PROVIDENCE, R.I. [Brown University] — In his latest best seller, Michael Pollan issues a simple manifesto about healthy eating: Eat food. Not too much. Mostly plants.
Pollan will discuss this declaration in a lecture on Feb. 21, 2008, at 6 p.m. in the Salomon Center for Teaching, Room 101. The talk is sponsored by The Committee on Science and Technology Studies and is free and open to the public. Doors open at 5 p.m. and seating will be first come, first served. After the lecture, Pollan will sign copies of his new book, In Defense of Food: An Eater’s Manifesto.
Topping the New York Times Bestseller List for hardcover non-fiction, In Defense of Food explores the modern food landscape and its effect on consumer health. Pollan said Americans are increasingly consuming “edible food-like substances” – energy bars, chicken nuggets, drinkable yogurt in portable tubes – that are products not of nature, but the food industry. Pollan argues that in a rush to improve health, Americans have focused too heavily on nutrition, adding vitamins, whole grains, fatty acids and other “healthful” ingredients to food. But after a generation of “nutritionism,” Pollan notes that Americans aren’t any healthier.
In his talk, titled “In Defense of Food: The Omnivore’s Solution,” Pollan will argue for small portions, lots of fruits and vegetables and eating well-grown, unprocessed food – “the kind of food our grandmothers would recognize.”
He writes: “As a general rule it's a whole lot easier to slap a health claim on a box of sugary cereal than on a raw potato or a carrot, with the perverse result that the most healthful foods in the supermarket sit there quietly in the produce section, silent as stroke victims, while a few aisles over in Cereal the Cocoa Puffs and Lucky Charms are screaming their newfound ‘whole-grain goodness’ to the rafters. Watch out for those health claims.”
Pollan’s previous book, The Omnivore’s Dilemma: A Natural History of Four Meals (2006), was named one of the 10 best books of 2006 by the New York Times and the Washington Post. It also won the California Book Award, the Northern California Book Award, the James Beard Award for best food writing, and was a finalist for the National Book Critics Circle Award. He is also the author of The Botany of Desire: A Plant’s-Eye View of the World (2001); A Place of My Own (1997); and Second Nature (1991). A contributing writer to the New York Times Magazine, Pollan served for many years as executive editor of Harper’s Magazine and is now the Knight Professor of Science and Environmental Journalism at the University of California–Berkeley.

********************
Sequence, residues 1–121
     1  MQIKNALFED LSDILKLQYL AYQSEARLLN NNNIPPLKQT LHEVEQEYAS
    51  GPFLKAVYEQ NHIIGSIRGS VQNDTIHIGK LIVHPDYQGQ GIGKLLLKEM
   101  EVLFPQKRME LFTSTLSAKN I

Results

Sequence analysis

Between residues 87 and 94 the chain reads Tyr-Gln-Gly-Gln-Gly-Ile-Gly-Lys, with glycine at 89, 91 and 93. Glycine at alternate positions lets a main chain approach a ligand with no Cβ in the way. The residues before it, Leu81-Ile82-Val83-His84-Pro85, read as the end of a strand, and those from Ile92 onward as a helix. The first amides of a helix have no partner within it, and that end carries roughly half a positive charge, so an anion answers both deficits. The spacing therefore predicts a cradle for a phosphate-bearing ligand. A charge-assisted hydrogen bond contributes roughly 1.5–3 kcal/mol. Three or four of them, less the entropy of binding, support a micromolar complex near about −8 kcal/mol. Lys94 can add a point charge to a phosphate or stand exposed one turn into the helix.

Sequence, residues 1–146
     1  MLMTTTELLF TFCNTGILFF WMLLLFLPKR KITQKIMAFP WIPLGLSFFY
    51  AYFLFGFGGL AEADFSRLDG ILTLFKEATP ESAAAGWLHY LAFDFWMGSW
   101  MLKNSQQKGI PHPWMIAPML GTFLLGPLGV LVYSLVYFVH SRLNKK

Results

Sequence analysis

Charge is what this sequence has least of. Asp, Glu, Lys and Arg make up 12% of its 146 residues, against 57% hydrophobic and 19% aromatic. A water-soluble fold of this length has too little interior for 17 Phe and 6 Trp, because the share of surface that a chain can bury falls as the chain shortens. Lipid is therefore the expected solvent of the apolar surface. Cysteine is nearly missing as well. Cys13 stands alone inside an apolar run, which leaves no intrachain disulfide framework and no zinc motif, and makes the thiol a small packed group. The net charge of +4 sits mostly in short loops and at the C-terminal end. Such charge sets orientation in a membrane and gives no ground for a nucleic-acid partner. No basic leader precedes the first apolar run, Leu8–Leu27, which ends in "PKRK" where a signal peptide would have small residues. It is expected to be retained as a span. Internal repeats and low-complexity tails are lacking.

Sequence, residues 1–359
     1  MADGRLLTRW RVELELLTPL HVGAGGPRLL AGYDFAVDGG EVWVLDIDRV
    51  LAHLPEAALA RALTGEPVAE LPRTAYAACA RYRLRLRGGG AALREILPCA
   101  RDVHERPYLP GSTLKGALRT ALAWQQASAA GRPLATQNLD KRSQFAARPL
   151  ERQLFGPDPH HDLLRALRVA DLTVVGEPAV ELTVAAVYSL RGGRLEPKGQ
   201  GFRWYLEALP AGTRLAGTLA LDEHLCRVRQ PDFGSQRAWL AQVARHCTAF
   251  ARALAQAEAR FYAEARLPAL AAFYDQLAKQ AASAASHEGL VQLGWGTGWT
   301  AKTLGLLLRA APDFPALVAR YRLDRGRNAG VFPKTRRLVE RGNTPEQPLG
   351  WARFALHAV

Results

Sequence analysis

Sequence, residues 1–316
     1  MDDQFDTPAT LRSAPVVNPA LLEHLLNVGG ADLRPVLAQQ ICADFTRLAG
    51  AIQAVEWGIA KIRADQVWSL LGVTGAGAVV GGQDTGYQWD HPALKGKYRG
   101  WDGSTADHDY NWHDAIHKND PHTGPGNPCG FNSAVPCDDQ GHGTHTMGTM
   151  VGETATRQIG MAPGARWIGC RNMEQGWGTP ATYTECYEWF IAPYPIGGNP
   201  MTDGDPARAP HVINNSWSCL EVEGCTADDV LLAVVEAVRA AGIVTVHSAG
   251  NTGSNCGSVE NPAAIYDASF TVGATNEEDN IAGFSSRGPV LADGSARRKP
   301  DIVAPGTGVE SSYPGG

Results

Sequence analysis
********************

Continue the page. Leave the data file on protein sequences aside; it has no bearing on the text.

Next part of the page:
The lecture is sponsored by the Committee on Science and Technology, an interdisciplinary program that brings together Brown anthropologists, philosophers, historians, art historians, literary theorists, sociologists and practicing scientists who seek to understand how science operates.
Anne Fausto-Sterling, professor of biology and gender studies and chair of the committee, said Pollan and In Defense of Food were a perfect fit for the program lecture.
“Food is such an interdisciplinary topic, one that covers many areas of scholarly investigation, from medicine to marketing and politics to pop culture,” Fausto-Sterling said. “Michael Pollan’s book covers all these angles and hits on an important truth: Food isn’t just something we fill our bellies with. It can also be a lens for looking at the world we live in and how we might live in that world in a different way.”